“We should have started saving at least five years ago,” said a slide that was prepared for the Champlain Towers South’s May 28, 2020, board meeting.
Nordlund said he could not comment on reports and recommendations that his company submitted to any client. However, he said the Champlain Towers South Board “was struggling and struggling and struggling” for years to gain approval from unit owners to fund costly repair work, and “finally got it over the line” shortly before the collapse.
Only 11 states require condos and homeowner associations to fund reserves for major costs, said Dawn Bauman, senior vice president for government and public affairs of Community Associations Institute. They include Connecticut; Delaware; Florida, Hawaii; Illinois; Massachusetts; Michigan; Minnesota; Nevada, Ohio; and Oregon.
However, Florida and Illinois, allow associations to waive the funding requirement based on the outcome a quorum of voters at an owners’ meeting, Bauman said.
The investigation of the Champlain Towers South condo collapse is expected to examine whether infighting-related delays in budgeting and funding structural work played any role in the tragedy.
In official reports as of Friday, the collapse had killed 78 and left 62 still unaccounted for while searching of the rubble continued.
Housing association experts and others said they could not recall a collapse with as many deaths and as much damage as the one in Florida, which has become one of the worst residential housing disasters in U.S. history.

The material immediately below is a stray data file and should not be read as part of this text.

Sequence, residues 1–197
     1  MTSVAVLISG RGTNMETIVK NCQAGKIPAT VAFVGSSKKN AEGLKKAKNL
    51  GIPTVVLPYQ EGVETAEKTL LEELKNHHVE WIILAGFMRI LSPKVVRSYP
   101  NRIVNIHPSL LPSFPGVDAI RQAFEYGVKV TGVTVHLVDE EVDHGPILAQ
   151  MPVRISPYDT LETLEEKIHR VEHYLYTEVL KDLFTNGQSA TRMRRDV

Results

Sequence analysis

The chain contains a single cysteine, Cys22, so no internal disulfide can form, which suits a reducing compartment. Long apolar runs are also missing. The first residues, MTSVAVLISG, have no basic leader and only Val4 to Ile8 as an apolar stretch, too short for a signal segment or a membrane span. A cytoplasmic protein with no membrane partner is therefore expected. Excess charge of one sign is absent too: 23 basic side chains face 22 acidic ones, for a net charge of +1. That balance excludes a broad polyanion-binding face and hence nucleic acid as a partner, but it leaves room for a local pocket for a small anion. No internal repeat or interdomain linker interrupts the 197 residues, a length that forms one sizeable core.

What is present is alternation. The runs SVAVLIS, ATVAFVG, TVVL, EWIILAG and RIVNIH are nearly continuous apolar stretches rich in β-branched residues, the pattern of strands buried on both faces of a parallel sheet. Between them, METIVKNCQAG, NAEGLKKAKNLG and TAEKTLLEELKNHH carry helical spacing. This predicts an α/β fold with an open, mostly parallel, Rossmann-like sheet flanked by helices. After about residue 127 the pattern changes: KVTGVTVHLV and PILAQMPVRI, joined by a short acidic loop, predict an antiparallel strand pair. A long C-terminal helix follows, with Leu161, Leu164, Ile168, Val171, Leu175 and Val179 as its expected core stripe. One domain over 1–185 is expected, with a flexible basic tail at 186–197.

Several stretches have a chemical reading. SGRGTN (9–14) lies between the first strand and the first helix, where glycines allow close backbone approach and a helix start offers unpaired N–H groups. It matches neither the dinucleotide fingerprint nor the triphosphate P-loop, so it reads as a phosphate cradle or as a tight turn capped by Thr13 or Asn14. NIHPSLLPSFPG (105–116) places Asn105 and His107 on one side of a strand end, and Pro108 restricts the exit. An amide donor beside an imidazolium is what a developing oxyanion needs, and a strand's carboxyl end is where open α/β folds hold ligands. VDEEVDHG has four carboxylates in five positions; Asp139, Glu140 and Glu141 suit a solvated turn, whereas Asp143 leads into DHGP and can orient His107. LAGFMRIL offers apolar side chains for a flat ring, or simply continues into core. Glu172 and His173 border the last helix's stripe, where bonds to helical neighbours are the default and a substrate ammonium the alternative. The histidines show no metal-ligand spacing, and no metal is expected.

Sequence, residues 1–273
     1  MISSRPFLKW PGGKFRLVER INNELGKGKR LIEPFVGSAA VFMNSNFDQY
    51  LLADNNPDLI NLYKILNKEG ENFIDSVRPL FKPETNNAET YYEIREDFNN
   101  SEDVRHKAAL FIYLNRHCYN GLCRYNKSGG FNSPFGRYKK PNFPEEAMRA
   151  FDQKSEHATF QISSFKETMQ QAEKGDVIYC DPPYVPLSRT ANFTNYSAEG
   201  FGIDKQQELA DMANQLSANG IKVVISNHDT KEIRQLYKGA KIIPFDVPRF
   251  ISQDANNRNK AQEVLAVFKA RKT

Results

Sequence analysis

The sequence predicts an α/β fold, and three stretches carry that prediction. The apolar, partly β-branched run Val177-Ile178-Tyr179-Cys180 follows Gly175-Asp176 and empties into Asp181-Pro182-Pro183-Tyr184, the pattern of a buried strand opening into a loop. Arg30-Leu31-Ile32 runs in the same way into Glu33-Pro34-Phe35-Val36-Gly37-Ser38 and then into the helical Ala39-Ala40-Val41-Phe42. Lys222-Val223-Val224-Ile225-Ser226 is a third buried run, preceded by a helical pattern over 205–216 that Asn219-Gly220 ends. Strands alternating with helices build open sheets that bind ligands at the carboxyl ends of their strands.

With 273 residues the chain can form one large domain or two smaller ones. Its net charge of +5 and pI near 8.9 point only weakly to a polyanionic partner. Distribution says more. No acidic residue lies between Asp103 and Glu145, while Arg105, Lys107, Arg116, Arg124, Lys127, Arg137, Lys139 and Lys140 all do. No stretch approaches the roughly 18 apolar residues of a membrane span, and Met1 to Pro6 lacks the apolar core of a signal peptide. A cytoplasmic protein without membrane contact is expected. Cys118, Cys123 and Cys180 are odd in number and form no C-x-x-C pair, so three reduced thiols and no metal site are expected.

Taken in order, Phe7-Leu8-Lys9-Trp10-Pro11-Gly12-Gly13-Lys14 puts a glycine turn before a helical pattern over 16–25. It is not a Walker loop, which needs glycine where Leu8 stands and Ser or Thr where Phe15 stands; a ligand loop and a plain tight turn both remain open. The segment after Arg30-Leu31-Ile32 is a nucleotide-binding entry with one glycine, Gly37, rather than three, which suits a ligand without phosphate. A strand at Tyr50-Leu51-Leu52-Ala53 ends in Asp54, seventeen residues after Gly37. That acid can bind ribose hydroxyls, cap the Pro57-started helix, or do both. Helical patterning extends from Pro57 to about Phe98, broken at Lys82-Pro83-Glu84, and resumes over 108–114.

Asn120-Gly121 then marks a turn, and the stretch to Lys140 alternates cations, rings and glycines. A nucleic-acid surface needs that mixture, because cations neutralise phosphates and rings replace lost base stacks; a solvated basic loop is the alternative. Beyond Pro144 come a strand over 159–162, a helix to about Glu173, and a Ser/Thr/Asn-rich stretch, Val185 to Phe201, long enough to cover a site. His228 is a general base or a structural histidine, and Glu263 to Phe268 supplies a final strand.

“It’s an incredible outlier. We don’t see that,” said Nordlund.
Nonetheless, many types of residential associations across the nation have experienced some version of the squabbling and delayed planning that deviled Champlain Towers South.
Battling over dry rot
The Champlain Towers South tragedy triggered bad memories for Debra Corazzelli. She’s a former president of the Island J Condominium Association, a complex of 174 homes housed in 29 buildings in Foster City, California.
She and other association leaders went through a similar battle with homeowners over efforts in 2012-2014 to repair extensive dry rotting found in the wood beneath the concrete that covered the condo balconies and stairs.
The association fired the first contractor hired for the job because the work wasn’t getting done, Corazzelli said.
A new contractor estimated that completing the job would cost $7 million, or $40,000 for each unit in the complex. Many homeowners got angry.
“It was condo wars. I said you should make a reality TV show about it,” recalled Corazzelli, who said her role was a lost cause — trying to keep peace among battling neighbors.
During a homeowners meeting that required private security, a majority of the condo owners voted the proposed assessment down.
However, Foster City officials declared the structural problems a life and safety risk. And an attorney for the association successfully petitioned a local court to impose an assessment for roughly half the required $7 million, equivalent to $20,000 from each homeowner. Corazzelli said homeowners were able to pay the assessment over 10 years with their monthly common charges.
The repair work turned the tide. The complex was no longer structurally unsafe. Home values increased. And homeowners agreed to new payments to repaint the complex, remodel the community’s clubhouse and other improvement projects. Inside the clubhouse is a large piece of dry rot, in plastic, “as a reminder,” said Corazzelli.
“It worked out for us in the end. I can’t even imagine what the people (in Champlain Towers South) are going through,” said Corazzelli. “My heart goes out to them.”